As you continue to practice, your horse should respond and understand more quickly with each step. Also as you practice, continue to ask for more and more steps. Eventually, you should be able to complete an entire turn on the forehand.
Don’t forget: your horse has two sides!
- Turn on the haunches: Begin by standing on one side of your horse. Gently begin tapping on your horses jaw and gently apply pressure to his shoulder. He might become flustered at first, simply because he doesn’t understand what you are asking. Remember that dose of patience? It still applies!
The moment your horse moves his front legs, reward him. Release the pressure and praise him with your voice or horse treats. Once praised, ask him to move his front legs again. Similar to the turn on the forehand, consistent repetition is vital.
Initially, only ask for one or two steps. As you continue to practice, continue to ask for more steps. Eventually, your horse should be able to complete and entire circle.
Remember: your horse has two sides!
3. Toys: Is your horse playful? He might enjoy a toy in his paddock or stall. A wonderful tool to use with your horse is a large, equine approved ball. With the ball, you can teach your horse to follow the ball. Eventually, some horses enjoy the ball so much, they play “soccer!”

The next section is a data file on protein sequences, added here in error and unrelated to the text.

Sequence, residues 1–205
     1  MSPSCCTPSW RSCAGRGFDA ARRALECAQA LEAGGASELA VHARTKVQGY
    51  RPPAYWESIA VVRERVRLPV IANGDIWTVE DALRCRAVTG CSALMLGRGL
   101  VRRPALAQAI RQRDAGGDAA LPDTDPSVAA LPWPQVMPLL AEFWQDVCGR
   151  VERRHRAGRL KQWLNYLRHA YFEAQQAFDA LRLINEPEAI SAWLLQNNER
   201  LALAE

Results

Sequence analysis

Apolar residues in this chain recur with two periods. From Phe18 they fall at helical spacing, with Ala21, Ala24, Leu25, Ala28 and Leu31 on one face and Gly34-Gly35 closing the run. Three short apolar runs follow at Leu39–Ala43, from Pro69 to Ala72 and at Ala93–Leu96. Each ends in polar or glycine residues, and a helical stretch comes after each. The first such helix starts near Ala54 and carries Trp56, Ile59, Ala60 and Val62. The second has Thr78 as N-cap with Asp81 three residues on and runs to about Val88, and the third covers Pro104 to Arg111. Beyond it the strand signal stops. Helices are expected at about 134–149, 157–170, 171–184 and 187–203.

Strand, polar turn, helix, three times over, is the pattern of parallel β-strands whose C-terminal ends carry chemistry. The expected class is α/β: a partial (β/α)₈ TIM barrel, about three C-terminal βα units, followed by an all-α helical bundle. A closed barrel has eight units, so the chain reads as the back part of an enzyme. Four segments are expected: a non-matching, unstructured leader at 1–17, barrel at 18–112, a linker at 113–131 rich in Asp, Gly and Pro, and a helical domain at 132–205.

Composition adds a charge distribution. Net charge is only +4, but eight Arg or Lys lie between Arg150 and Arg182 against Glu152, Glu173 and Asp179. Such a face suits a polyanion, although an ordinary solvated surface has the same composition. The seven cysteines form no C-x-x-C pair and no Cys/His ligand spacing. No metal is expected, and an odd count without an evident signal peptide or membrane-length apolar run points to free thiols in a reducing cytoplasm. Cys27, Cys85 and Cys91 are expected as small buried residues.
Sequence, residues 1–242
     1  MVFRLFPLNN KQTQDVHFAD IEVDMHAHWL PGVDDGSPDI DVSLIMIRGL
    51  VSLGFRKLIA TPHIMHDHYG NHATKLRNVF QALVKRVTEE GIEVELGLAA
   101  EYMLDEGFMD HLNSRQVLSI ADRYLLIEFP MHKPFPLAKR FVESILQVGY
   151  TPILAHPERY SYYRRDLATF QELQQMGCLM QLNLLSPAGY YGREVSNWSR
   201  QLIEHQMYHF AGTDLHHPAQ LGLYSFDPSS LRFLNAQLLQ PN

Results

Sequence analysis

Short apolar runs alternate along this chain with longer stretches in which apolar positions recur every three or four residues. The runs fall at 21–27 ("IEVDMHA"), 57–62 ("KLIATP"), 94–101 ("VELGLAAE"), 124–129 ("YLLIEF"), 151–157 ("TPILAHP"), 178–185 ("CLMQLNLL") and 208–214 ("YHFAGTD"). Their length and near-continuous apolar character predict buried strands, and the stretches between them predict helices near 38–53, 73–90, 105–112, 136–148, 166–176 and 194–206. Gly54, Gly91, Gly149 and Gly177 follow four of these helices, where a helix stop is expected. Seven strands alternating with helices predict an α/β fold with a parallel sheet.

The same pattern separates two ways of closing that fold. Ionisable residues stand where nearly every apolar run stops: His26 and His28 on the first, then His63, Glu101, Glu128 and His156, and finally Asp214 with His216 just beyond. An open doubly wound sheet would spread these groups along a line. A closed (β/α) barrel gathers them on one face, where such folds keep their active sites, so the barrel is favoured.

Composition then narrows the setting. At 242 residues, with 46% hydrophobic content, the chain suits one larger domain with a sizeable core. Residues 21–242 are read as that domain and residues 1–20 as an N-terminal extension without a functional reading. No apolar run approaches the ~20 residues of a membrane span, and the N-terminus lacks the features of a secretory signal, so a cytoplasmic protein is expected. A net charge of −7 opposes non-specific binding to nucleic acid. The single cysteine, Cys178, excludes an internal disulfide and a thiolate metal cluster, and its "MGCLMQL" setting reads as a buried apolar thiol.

4. Obstacle Course: An excellent way to continue practicing groundwork is to set up an obstacle course. Do you have a tarp lying around? What about a few ground poles? When setting up an obstacle course, you can be as creative as you want!
5. Barn Time: It may sound silly, but just spending time grooming your horse is a great way to bond. As you groom, you help stimulate blood flow throughout your horse’s body. Think of it as a mini massage for your horse.
Also, as you’re grooming, you learn what your horse looks like. I know, this sounds silly too, but knowing your horse is important if he was injured. While grooming, you can find any new bumps or scrapes that may have appeared.
Any time spent at the barn, is quality time to spend with your horse. If Mother Nature allows it, bundle up and enjoy a few peaceful hours at the barn!
About Bit Blanket, Inc.
Jamie Sturgess, Inventor and President of Bit Blanket, Inc. has been an avid horse lover since she was a little girl growing up in New Hampshire. She has always loved everything about horses; the way they look, the way they smell, the whinny when they hear you coming, and the way they know and understand your personal touch. One thing she never liked, however, was feeling bad every time she had to put a cold bit in her horse’s mouth on those blustery winter days in New Hampshire. Over the years, after trying all the various approaches and techniques to offer her horse some relief from that cruel practice, she came up with the concept of an easy and effective way to warm a cold bit. Bit Blanket is an electric bit warmer that you simply plug in and it begins warming your cold bit immediately. Jamie is proud to offer riders and horses a safe, effective, easy-to-use option for warming cold bits. To purchase or learn more visit www.bitblanket.com or contact Jamie Sturgess at 603.329.3044 or at firstname.lastname@example.org.